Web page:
My plants aren't huge, but this has been a tough summer in our garden; we're trying to water just enough, considering the drought we're in. These first ones, that I gathered to draw, are on the small side as you can see here:

Here is my initial sketch, followed by a few more WIP scans:





How about you: are you familiar with ground cherries aka cape gooseberries aka pichuberries?

Friday, July 11, 2014

SunSugar Cherry Tomatoes


Hmmm. This is one of those pieces that didn't turn out quite as I'd envisioned. Maybe I should've used richer colors, or should add a background—I'm not sure. Things just haven't clicked: I even felt like the hot weather was affecting my pencils, making them waxier than usual! 

These little "SunSugar" cherry tomatoes are so beautiful on the vine—the way the clusters become a rainbow of color as they ripen. I wanted to capture that stage, as I've drawn fully ripe ones in the past.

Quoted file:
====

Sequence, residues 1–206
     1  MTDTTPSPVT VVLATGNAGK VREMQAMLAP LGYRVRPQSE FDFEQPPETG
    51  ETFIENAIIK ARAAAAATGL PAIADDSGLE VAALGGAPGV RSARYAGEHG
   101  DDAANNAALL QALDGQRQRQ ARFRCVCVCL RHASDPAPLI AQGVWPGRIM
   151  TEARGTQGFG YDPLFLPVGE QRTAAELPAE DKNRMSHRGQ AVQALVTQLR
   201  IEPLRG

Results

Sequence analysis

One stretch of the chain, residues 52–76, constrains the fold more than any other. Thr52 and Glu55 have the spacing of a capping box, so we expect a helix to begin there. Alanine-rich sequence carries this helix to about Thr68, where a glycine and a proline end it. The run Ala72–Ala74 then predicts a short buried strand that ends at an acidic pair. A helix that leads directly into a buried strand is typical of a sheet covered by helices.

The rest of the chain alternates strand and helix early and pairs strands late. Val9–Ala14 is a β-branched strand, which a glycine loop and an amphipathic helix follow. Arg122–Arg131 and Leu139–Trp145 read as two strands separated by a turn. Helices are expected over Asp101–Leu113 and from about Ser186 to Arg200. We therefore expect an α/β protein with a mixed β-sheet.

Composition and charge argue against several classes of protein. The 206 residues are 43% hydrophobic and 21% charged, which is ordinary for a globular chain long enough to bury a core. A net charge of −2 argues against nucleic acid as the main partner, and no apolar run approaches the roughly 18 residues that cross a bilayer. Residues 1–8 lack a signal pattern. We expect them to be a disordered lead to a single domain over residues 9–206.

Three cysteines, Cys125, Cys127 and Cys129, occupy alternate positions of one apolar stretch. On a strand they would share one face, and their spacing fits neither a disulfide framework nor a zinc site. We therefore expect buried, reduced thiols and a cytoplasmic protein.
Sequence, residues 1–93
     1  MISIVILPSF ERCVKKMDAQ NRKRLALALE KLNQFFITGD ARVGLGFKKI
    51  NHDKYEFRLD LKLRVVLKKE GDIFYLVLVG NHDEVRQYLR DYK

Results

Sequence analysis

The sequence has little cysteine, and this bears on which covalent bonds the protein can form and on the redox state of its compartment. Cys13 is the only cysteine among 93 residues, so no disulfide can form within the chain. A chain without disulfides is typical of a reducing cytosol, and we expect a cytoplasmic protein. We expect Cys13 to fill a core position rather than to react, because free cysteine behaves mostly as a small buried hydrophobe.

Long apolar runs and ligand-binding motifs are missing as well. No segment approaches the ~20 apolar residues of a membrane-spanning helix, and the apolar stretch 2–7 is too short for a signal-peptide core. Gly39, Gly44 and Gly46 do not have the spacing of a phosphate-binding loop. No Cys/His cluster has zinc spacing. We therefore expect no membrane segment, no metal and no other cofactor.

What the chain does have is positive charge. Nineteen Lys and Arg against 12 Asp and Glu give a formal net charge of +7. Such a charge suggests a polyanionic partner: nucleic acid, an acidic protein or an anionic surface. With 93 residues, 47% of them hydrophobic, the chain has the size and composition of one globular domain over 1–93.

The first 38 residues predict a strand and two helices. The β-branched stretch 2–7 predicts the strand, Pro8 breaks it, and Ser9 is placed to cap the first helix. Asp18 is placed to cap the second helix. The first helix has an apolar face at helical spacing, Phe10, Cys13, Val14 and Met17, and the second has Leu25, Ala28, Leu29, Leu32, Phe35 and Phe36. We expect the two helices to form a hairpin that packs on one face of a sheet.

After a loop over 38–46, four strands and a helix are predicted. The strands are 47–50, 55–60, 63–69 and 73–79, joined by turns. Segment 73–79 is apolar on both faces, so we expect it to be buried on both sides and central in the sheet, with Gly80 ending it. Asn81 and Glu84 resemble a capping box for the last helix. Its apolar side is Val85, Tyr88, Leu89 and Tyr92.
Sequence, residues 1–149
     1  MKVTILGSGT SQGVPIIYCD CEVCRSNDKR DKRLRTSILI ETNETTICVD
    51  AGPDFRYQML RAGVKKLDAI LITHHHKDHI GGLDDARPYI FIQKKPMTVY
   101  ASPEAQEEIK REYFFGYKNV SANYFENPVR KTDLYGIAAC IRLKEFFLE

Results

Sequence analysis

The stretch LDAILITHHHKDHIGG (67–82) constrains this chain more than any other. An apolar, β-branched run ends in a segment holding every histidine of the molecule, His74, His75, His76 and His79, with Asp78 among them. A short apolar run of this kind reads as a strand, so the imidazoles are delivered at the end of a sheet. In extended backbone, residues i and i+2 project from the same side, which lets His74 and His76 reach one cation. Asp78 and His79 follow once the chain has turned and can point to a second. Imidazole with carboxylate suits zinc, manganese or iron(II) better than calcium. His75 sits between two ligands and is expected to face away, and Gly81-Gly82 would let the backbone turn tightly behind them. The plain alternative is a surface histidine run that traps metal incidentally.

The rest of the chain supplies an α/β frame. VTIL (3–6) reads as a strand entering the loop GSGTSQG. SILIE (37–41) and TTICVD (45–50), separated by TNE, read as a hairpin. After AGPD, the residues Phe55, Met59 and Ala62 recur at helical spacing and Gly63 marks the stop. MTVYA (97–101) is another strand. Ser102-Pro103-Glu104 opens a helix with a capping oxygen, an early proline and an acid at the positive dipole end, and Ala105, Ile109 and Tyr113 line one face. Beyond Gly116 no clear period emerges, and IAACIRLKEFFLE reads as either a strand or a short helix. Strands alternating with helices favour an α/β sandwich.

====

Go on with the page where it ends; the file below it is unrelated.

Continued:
Here are a few work-in-progress pics. This time, I used an empty slide mount instead of my usual viewfinder that I've shown you before:


I decided to enlarge it to 5x the original little thumbnail sketch on the right:


The tomatoes continued to ripen and change colors as I worked—what a show!


As I look at this next pic, I'm thinking that I like this "unfinished" stage more than the final one. The negative space where the vine will go might've looked more interesting left alone."Food for thought" for the next piece.


Well, while there's nothing horrible about this drawing,
I think that I'll chalk it up as a learning piece.
(Or maybe I'll just have to add a background before it drives me crazy...!)

Monday, June 23, 2014

Sand Dollar, version 2.0

(click to enlarge)

As mentioned in my last post, after playing around in that looser style, I had to do a tighter, more realistic version of one sand dollar. It's a quiet little drawing, but it played right into my obsession with radial symmetry in nature. The image is about 6" in diameter, twice the size of the actual sand dollar. I used what I think is a piece of Fabriano Artistico paper that I found in my drawer; its beautiful surface just loves the graphite. I remembered to take this one WIP shot, for what it's worth :


I hope you're enjoying the first few days of summer!